An estimated 100,000 people visited Computex Taipei 2009 from around the world, down slightly from 106,517 last year, according to figures from the Taiwan External Trade Development Council (TAITRA). The totals include 32,178 international buyers, down from 34,685 last year and 1,712 exhibitors, down compared to 1,750. The only figure that improved was the amount of booths rented, which rose to 4,498 this year, from around 4,000 last year.
The 2008 comparison figures were taken from last year’s closing press release from Computex, important to note because show organizers did not offer the figures on the 2009 press release, instead saying most of the 2009 numbers were up between 1 percent and 5 percent over last year. A TAITRA official was unable to immediately explain the discrepancy in the figures.
Chinese companies at Computex’s first ever China pavilion complained deal-making was slower than they had expected.
Chinese network equipment maker Shenzhen Yichen Technology Development found 30 percent to 40 percent more buyers at the show last year compared to this year, a representative manning the company’s booth said on the last day of Computex.
The representative blamed the economic downturn for what he said was a smaller turnout at the exhibition than last year.
The aisles of Chinese company booths were empty compared to other areas of the exhibition.
This was the first year Chinese companies were officially welcomed at Computex, though JCG was one of a group that attended last year by registering as Hong Kong-based companies. Political differences between Taiwan and China have kept the presence of Chinese firms to a minimum in the past, but growing bonds between people in both places has turned out to be a boon for business.
Over 130 Chinese companies had booths this year, according to TAITRA.
One first-time exhibitor, southern Chinese laptop vendor and designer Guangzhou Darling Industrial, also perceived a low turnout. The company did not secure the four to five business partners it expected to find, said a representative at the company’s booth.
The company also hoped to form partnerships with companies from outside Taiwan, but Taiwanese businesses were the main attendees, she said.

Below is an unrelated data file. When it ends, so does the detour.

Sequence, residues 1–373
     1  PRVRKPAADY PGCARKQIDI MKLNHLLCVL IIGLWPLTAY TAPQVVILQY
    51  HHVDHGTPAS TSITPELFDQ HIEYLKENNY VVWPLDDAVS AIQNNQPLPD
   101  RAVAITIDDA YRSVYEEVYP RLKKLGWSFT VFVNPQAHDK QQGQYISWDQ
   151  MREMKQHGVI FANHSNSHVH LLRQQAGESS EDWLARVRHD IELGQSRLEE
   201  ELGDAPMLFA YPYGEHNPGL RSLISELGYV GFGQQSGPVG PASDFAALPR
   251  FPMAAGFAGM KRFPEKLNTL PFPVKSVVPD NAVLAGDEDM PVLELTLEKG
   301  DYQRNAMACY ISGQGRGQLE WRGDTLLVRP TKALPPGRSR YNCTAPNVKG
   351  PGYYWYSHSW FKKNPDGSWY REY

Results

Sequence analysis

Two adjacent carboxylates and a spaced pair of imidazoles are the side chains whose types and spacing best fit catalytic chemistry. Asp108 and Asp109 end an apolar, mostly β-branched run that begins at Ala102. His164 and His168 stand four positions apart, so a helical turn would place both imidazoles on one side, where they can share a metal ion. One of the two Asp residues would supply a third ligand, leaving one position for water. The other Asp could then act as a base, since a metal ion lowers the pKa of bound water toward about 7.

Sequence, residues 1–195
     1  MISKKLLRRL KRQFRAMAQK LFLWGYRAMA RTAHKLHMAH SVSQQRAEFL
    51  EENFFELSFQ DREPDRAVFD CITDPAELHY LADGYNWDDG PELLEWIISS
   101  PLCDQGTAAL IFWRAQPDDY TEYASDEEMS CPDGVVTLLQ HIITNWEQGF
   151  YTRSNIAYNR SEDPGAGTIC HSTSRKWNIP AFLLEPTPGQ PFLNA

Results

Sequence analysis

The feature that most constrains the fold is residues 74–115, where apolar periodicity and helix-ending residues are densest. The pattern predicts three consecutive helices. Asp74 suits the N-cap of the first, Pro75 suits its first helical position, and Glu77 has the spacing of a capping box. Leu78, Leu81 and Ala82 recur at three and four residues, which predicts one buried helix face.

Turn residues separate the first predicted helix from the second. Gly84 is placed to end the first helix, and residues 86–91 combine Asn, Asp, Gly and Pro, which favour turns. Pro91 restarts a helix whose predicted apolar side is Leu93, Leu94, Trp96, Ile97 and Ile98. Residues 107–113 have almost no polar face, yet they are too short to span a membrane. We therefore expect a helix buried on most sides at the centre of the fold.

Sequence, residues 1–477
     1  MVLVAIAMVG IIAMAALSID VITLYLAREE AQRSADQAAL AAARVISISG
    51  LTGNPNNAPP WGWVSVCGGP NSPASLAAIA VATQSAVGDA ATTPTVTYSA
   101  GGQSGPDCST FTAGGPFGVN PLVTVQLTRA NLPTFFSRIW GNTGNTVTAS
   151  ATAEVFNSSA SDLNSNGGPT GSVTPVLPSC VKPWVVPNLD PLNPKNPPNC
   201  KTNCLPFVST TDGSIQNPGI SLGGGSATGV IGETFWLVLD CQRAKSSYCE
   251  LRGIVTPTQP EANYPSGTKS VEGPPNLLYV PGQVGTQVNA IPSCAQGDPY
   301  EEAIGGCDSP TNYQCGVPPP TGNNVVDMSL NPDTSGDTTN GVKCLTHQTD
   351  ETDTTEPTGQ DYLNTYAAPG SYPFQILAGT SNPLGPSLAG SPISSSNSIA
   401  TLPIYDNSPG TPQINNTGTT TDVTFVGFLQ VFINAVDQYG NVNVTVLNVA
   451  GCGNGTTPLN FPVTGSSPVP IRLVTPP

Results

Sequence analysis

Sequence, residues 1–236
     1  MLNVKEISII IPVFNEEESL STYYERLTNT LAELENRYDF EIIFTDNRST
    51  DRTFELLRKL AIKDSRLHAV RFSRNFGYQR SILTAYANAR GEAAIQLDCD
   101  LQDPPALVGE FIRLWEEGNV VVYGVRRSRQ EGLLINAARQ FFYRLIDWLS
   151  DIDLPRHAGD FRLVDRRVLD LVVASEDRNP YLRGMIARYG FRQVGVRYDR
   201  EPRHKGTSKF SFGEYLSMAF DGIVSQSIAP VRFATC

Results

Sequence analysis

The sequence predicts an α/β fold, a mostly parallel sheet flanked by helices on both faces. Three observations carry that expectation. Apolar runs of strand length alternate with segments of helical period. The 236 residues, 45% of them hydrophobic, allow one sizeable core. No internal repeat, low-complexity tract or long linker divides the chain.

The company has not decided if it will attend next year, she said.
Some companies blamed the sluggish global economy for the apparent lack of deals, while other said fear of the swine flu may have kept potential buyers away.
Taiwan put several measures in place to guard against swine flu, including hand wipe stations at the front doors of the exhibition areas and infrared scanners capable of detecting fevers via heat that international airline passengers had to walk past on their way to passport control.
The new Eee PC also lacked the Intel Atom microprocessors that have become ubiquitous in netbooks. Instead the device, which is thinner and lighter than current members of Asustek’s Eee PC netbook lineup, uses a Snapdragon chip with a 1GHz ARM processing core. The chips use less electricity and give off less heat than Atoms, so the mini-laptops they’re in do not require cooling systems such as heat sinks or fans.
Qualcomm, Freescale Semiconductor and Texas Instruments call the devices smartbooks. The smartbooks on display at Computex looked a lot like netbooks, with 10-inch screens and full keyboards, but they can run for eight hours on a three-cell battery, compared to two or three hours for a netbook with a three-cell battery. One potential benefit of the devices aside from their long battery life is easy connectivity to mobile phone networks for wireless Internet surfing. But one downside is that since they use ARM microprocessors instead of x86 processors such as Atom, they will miss out on the huge library of software made for x86 chips, though software can always be revamped to run on the ARM processors.
Acer may become the first company to put out a netbook with Android in the third quarter of this year if it can beat some rivals, such as China’s Guangzhou Skytone Transmission Technologies, which has said its Android netbook is undergoing final testing.
What’s unique about Acer’s new Aspire One netbook with Android is that the processor inside is an Intel Atom, not an ARM-based chip. Acer worked with a Taiwanese Linux distributor to port Android over to x86 processors, a first for the OS.
Not to be left out, MIPS Technologies worked with software developer Embedded Alley to port Android to the MIPS chip architecture, which the companies also showed on devices at Computex.
Several other companies displayed their first-ever Android-based gadgets, including Inventec Appliances, which showed a smartphone and handheld computer and Kinpo, which displayed a handheld computer. Other vendors such as BenQ, Micro-Star International (MSI) and Garmin-Asus vowed to catch up with Android-based products of their own.
There were a number of other notable devices shown off at Computex, including thin, light laptops created around Intel’s CULV (consumer ultra low voltage) microprocessors from every major Taiwanese producer, such as Acer’s Timeline laptop series and Asustek’s U-series. New netbook designs were on show, including Gigabyte Technology’s TouchNote T1028 netbook running Microsoft Windows 7 and sporting a 10.1-inch touchscreen that swivels around and folds down to transform it into a tablet PC. Other netbooks and nettops with Nvidia Ion graphics chips inside were available at several booths, while e-book devices were also out in force.
One nice aspect of Computex is that unlike other trade shows that show off concept devices and cutting edge technologies that may never make it to market, the majority of what’s shown in Taipei is on store shelves ahead of year-end holidays.
(Sumner Lemon and Martyn Williams contributed to this report.)
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